Arnaud Comment1,2, Sami Jannin3, Jean-Nol Hyacinthe4, Pascal Miville3, Riddhiman Sarkar3, Puneet Ahuja3, Paul Romeo Vasos3, Xavier Montet4, Franois Lazeyras4, Jean-Paul Valle4, Joseph A. Konter5, Patrick Hautle5, Ben van den Brandt5, Jean-Philippe Ansermet2, Rolf Gruetter1,6, Geoffrey Bodenhausen3,7
1Laboratory for Functional and Metabolic Imaging, Ecole Polytechnique Fdrale de Lausanne, Lausanne, Switzerland; 2Institute of Condensed Matter Physics, Ecole Polytechnique Fdrale de Lausanne, Lausanne, Switzerland; 3Laboratory of Biomolecular Magnetic Resonance, Ecole Polytechnique Fdrale de Lausanne, Lausanne, Switzerland; 4Department of Radiology, Universit de Genve, Genve, Switzerland; 5Paul Scherrer Institute, Villigen, Switzerland; 6Departments of Radiology, Universits de Lausanne et Genve, Lausanne and Genve, Switzerland; 7Department of Chemistry, Ecole Normale Suprieure, Paris, France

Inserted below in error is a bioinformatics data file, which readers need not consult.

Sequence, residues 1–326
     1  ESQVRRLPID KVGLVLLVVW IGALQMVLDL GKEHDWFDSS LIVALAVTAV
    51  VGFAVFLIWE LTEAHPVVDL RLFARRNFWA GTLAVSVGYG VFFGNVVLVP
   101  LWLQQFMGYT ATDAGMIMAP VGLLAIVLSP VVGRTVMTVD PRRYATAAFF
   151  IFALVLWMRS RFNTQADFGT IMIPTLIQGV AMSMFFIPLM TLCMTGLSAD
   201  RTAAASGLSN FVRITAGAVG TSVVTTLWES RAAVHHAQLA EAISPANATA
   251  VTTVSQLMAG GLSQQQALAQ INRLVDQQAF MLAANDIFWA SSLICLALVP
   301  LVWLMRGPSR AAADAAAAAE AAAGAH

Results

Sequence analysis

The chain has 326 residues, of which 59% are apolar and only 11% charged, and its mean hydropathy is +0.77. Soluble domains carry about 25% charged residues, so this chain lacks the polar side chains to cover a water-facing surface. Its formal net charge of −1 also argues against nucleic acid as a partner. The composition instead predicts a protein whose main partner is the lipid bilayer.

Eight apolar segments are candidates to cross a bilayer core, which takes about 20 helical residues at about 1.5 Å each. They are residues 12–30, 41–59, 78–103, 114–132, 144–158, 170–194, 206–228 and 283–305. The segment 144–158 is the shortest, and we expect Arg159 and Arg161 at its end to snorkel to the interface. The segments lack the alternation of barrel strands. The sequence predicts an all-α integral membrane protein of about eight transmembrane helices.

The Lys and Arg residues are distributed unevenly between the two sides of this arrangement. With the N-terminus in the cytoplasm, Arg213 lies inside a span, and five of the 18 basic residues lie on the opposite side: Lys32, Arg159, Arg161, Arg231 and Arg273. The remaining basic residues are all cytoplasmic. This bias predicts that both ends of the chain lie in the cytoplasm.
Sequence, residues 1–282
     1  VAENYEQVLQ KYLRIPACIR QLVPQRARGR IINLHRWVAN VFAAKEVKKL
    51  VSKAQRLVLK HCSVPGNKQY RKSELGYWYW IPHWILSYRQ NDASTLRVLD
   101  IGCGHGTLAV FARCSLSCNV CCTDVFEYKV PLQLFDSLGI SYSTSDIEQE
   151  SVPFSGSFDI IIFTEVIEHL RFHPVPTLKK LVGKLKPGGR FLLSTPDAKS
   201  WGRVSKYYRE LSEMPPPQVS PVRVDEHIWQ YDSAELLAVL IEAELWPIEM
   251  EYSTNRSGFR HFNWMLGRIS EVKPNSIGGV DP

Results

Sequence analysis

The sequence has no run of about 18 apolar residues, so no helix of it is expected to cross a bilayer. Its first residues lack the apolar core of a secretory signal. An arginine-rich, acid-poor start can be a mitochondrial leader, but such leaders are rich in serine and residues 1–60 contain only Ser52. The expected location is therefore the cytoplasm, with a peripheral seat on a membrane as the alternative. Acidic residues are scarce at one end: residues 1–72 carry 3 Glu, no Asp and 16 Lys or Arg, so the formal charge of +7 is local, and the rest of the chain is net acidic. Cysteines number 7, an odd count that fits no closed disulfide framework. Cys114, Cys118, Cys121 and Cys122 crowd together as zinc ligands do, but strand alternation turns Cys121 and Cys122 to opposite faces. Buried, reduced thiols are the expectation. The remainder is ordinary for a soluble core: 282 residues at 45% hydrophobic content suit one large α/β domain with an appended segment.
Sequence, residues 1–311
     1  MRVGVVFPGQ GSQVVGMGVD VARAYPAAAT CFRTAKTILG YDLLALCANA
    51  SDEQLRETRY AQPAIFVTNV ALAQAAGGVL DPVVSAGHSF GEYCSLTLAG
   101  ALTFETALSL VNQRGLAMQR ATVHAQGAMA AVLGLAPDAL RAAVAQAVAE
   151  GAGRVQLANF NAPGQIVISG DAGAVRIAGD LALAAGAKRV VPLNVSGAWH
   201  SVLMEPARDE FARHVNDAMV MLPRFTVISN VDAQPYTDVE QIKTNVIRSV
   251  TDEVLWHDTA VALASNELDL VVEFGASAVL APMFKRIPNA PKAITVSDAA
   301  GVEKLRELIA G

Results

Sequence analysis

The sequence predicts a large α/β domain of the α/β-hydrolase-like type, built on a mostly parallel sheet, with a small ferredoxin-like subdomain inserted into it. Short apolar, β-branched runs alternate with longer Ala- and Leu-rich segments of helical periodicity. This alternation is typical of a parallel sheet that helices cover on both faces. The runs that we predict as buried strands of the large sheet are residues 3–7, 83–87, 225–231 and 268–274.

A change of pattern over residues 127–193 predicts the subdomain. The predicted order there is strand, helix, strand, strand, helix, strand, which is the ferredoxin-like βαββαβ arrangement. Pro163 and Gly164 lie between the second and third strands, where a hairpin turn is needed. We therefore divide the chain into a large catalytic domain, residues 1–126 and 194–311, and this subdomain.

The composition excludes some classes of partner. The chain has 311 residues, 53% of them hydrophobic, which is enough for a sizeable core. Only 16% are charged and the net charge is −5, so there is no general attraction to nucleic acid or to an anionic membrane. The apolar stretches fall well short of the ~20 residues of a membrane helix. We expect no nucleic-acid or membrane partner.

A method to produce hyperpolarized gases by dynamic nuclear polarization and subsequent sublimation was designed. The method was illustrated by applications to 129Xe in xenon gas, leading to the enhancement of the nuclear magnetic resonance signal-to-noise by four orders of magnitude. The main advantage of this new hyperpolarization method lies in its ability to produce highly polarized gases with large throughputs, on the order of tens of several liters per hour.